Tisdale felt financial pressure to return to his $8-an-hour job. Then, he worried he would be fired if he was late a single day. He asked for a second leave when the baby came in November and had to produce a doctor's note to get it.
Tisdale became a caretaker around the clock: for severely mentally ill adults at work; for the children; and for Smith at home. She could see how tired he was, and it worried her. But even if he could take a break, he would just worry about Smith, he said. The pace was exhausting. But, "this just seems like something I have to do right now," he said.
Smith was home all day, bored, depressed and in pain. Her legs would jerk uncontrollably and seize up. Friends visited, including Tisdale's family members when they could, but she grieved for all the things she could no longer do -- especially as a parent. How could she volunteer at her children's school now?
"It's going to be OK. You are still here. Your life is not over," Tisdale told her.
They had been happy about the baby, but now her feelings were more complicated. Because of her paralysis, she was scheduled to deliver by caesarean section. Then, she decided, she would have her tubes tied.
On the worst days, home alone sipping juice from a straw and trying to manage the pain with Tylenol and codeine, "it felt like the end of the world," she said. "I had a feeling of being the only soul living, the only soul suffering. I couldn't make up my mind that anyone was in worse condition than I am in."
At the same time, it still seemed unreal. She replayed the events of that night over and over in her head. At night, in secret, Smith would try to move her toes, just in case the doctors were wrong.
On better days, the couple felt a little bit of their old routine returning. Tyrin Jr. saw the wheelchair as a fun new toy. Smith's bosses and co-workers at Timcor, a manufacturer of dome structures, were sympathetic. She would be able to keep her job, and her co-workers held a fundraiser and presented her with a check for $5,000.
During her hospital stay, Smith had gotten to know Det. Linda Heitzman of the Los Angeles Police Department's Southeast Division. Heitzman had a suspect in her case, Evan Rivas, 31, a train conductor who worked in the Port of Los Angeles area. He is believed to have fled and is wanted on an arrest warrant on suspicion of attempted murder.
Heitzman said she was struck by the enormity of what had happened to Smith and her young family. How would they make ends meet with three children and hourly jobs, the detective wondered. How could Tisdale provide so much care without help? How could they adapt a crib so that Smith could lift the baby out?
Heitzman has worked for years in Watts and has long bemoaned the invisibility of victims like Smith. Violent crime is at historically low levels in the city. Even so, shootings are a constant backdrop in some neighborhoods. For every person who dies from homicide in Los Angeles, five survive gunfire: more than 1,700 people just this year.
Four days before Smith's scheduled delivery, two 25-year-old men were struck by gunfire just north of where she lives. One died, the other was left a paraplegic.
Heitzman said the shooting of a child occasionally makes the news. But mostly, "people just don't care, or they think, 'They had it coming,' " Heitzman said. " 'She's just one more number.' But if you want to look at who are the numbers, well, here's a taste. They aren't all gangster thugs. And even some of those are just kids anyway."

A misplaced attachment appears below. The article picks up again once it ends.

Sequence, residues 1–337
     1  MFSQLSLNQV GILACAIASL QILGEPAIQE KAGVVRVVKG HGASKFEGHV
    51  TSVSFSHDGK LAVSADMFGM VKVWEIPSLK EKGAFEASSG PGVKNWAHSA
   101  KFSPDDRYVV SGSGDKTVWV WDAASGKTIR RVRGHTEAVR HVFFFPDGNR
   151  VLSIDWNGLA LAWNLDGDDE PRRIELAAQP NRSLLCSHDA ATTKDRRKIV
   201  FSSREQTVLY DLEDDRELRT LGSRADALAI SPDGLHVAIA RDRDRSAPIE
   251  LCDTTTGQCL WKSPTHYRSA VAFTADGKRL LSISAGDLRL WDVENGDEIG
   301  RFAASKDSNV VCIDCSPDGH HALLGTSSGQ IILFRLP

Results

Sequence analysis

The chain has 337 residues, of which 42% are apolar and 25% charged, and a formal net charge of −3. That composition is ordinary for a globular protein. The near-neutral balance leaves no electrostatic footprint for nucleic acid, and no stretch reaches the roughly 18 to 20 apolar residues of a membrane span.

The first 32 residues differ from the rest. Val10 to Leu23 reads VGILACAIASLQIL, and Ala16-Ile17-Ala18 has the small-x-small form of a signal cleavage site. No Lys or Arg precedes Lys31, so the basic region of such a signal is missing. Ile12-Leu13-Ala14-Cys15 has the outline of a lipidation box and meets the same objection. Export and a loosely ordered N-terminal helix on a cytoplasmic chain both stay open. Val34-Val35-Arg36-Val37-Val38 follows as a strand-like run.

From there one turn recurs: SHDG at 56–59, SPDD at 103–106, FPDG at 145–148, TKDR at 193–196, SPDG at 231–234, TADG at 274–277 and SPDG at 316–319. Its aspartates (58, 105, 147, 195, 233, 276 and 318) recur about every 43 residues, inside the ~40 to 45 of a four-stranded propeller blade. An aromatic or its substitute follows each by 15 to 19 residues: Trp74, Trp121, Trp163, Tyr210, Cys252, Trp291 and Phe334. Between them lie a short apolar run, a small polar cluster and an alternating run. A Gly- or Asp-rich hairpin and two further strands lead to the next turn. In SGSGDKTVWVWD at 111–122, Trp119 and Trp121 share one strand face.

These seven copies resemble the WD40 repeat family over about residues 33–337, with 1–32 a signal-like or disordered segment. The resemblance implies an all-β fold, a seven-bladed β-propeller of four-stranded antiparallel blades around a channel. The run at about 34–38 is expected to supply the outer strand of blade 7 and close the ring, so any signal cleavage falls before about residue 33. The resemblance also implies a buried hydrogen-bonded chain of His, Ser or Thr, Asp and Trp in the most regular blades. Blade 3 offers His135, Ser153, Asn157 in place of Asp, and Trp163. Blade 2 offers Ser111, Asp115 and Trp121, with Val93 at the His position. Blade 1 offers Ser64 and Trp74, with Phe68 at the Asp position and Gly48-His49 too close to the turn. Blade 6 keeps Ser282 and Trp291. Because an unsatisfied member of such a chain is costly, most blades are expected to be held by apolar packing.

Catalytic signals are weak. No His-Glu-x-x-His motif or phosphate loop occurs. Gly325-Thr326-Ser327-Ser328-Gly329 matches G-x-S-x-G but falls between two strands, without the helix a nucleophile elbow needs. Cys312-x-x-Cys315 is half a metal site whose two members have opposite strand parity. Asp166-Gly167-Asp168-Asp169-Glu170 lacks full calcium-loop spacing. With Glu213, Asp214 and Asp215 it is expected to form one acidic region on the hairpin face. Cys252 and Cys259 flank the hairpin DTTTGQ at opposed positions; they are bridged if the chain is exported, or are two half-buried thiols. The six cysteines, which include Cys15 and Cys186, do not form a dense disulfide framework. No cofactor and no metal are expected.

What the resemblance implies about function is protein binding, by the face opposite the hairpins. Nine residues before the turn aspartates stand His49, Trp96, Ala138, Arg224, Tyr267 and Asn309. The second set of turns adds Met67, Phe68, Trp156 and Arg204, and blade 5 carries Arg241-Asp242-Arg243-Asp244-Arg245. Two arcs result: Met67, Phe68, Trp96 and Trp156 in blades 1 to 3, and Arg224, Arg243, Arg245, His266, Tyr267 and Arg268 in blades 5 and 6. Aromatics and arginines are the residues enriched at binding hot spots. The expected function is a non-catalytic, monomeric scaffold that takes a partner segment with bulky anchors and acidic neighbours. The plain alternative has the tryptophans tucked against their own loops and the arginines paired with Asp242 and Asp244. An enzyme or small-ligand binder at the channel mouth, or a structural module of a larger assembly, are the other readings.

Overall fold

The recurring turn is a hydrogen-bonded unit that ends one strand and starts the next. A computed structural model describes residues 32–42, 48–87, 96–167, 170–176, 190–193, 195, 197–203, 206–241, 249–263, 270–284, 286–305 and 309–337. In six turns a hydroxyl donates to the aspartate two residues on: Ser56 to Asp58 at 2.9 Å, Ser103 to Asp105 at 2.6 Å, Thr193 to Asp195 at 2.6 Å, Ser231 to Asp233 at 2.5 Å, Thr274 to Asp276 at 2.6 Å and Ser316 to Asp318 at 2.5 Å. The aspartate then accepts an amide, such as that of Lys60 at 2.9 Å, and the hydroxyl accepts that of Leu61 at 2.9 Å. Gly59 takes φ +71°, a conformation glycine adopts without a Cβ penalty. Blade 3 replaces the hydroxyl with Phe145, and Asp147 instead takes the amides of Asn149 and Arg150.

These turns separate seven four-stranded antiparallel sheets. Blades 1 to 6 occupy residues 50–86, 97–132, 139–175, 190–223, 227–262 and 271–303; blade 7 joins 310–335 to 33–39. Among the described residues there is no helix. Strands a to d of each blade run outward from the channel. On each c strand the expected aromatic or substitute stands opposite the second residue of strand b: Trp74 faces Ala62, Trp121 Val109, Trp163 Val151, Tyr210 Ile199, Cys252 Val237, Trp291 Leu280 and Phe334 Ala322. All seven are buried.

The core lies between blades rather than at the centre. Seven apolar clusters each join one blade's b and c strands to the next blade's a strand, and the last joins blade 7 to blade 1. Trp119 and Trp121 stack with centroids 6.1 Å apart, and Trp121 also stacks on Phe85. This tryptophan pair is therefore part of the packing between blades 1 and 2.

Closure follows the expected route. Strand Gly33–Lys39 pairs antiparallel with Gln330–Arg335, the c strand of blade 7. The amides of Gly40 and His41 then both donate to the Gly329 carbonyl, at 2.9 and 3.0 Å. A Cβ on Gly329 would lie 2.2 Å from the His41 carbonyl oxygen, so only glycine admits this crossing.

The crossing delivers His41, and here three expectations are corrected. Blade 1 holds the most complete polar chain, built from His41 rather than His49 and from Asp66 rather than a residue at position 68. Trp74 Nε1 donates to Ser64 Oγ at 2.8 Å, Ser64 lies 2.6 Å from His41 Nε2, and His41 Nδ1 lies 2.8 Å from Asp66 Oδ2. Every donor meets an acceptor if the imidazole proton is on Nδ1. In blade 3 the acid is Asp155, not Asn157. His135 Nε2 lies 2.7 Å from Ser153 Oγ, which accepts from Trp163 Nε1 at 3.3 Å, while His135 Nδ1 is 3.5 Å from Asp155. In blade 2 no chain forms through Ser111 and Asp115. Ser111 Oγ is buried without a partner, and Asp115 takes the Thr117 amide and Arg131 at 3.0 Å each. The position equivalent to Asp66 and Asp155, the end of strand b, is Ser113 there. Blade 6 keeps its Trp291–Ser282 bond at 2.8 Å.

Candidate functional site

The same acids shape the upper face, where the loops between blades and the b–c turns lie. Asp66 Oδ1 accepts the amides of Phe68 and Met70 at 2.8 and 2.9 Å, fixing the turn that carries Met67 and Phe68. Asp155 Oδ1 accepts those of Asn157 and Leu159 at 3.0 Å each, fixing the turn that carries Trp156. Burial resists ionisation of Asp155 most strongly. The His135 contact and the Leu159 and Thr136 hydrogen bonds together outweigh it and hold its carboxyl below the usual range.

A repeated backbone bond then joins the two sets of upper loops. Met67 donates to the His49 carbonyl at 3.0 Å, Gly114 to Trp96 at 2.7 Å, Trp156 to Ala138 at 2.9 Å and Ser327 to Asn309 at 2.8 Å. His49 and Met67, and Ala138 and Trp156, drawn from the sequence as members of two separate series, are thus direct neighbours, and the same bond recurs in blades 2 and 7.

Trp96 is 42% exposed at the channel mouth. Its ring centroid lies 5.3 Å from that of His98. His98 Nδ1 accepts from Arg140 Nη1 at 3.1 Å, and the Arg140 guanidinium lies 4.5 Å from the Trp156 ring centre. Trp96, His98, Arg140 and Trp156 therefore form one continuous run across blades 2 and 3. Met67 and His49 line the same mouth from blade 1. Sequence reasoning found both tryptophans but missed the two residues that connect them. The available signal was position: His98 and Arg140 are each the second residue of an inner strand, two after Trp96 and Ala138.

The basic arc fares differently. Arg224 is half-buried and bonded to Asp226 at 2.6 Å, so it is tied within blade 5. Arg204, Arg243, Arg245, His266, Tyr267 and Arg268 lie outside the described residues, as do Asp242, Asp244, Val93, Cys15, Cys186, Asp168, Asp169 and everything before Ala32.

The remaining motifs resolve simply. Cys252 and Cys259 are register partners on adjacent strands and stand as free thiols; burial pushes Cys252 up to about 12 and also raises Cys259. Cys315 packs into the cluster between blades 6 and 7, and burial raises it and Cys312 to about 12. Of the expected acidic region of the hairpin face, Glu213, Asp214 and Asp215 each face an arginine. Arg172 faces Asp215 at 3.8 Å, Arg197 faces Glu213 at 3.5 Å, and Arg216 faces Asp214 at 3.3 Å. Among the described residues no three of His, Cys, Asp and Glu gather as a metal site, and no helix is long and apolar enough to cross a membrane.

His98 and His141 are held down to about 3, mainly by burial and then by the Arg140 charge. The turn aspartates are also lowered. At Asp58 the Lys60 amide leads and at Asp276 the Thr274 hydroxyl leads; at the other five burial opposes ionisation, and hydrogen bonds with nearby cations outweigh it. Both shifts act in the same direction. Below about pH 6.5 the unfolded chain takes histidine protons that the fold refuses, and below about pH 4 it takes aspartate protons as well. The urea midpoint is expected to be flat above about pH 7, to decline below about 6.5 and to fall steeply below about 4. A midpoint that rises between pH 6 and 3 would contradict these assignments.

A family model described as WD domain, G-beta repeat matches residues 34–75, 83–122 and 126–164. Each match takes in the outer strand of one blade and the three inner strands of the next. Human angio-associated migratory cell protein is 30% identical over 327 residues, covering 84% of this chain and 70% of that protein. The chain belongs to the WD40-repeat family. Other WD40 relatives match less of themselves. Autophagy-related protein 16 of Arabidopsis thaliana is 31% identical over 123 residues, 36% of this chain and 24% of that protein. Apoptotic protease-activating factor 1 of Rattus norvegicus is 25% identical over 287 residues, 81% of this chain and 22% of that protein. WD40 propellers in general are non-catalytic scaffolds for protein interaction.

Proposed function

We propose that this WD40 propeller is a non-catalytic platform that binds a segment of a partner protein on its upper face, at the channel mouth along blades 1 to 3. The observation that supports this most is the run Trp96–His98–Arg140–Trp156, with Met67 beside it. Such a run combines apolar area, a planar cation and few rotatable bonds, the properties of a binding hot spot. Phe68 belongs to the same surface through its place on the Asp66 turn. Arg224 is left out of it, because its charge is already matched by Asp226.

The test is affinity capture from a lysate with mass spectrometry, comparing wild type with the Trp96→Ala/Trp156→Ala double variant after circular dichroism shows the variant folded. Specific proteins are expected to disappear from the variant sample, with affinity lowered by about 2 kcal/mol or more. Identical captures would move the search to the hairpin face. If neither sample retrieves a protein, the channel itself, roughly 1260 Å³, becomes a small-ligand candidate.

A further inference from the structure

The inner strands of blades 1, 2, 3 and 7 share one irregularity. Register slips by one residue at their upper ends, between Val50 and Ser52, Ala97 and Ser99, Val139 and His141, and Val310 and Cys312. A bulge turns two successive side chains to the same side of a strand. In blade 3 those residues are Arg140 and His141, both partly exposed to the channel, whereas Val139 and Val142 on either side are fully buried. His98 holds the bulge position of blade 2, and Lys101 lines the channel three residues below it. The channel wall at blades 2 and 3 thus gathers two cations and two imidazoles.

On Nov. 16, Smith gave birth to a girl -- addicted to her mother's pain medication but otherwise healthy. Smith named her Miracle.
She and Tisdale remain worried about the future -- about money, their ability to handle all this. But Smith said that in some ways, their relationship has grown stronger. "He saves me," she said of Tisdale. "He is the only one who makes me feel protected and OK."
Tisdale said he had reflected many times that Smith easily could have died.
"I think about if I had lost her. I don't know what I would be doing," he said. "Who would I talk to? Who would I come home to?"
Southeast Det. Linda Heitzman asks anyone with information about the May 27 brawl that led to Smith's injury to call (213) 972-7906.
Thursday, November 29, 2007
November 28, 2007
A Loss for Privacy Rights
The Constitution protects individuals against unreasonable searches, but for this protection to have practical meaning, the courts must enforce it. This week, the Supreme Court let stand a disturbing ruling out of California that allows law enforcement to barge into people’s homes without a warrant. The case has not prompted much outrage, perhaps because the people whose privacy is being invaded are welfare recipients, but it is a serious setback for the privacy rights of all Americans.
San Diego County’s district attorney has a program called Project 100% that is intended to reduce welfare fraud. Applicants for welfare benefits are visited by law enforcement agents, who show up unannounced and examine the family’s home, including the insides of cabinets and closets. Applicants who refuse to let the agents in are generally denied benefits.
The program does not meet the standards set out by the Fourth Amendment. For a search to be reasonable, there generally must be some kind of individualized suspicion of wrongdoing. These searches are done in the homes of people who have merely applied for welfare and have done nothing to arouse suspicion.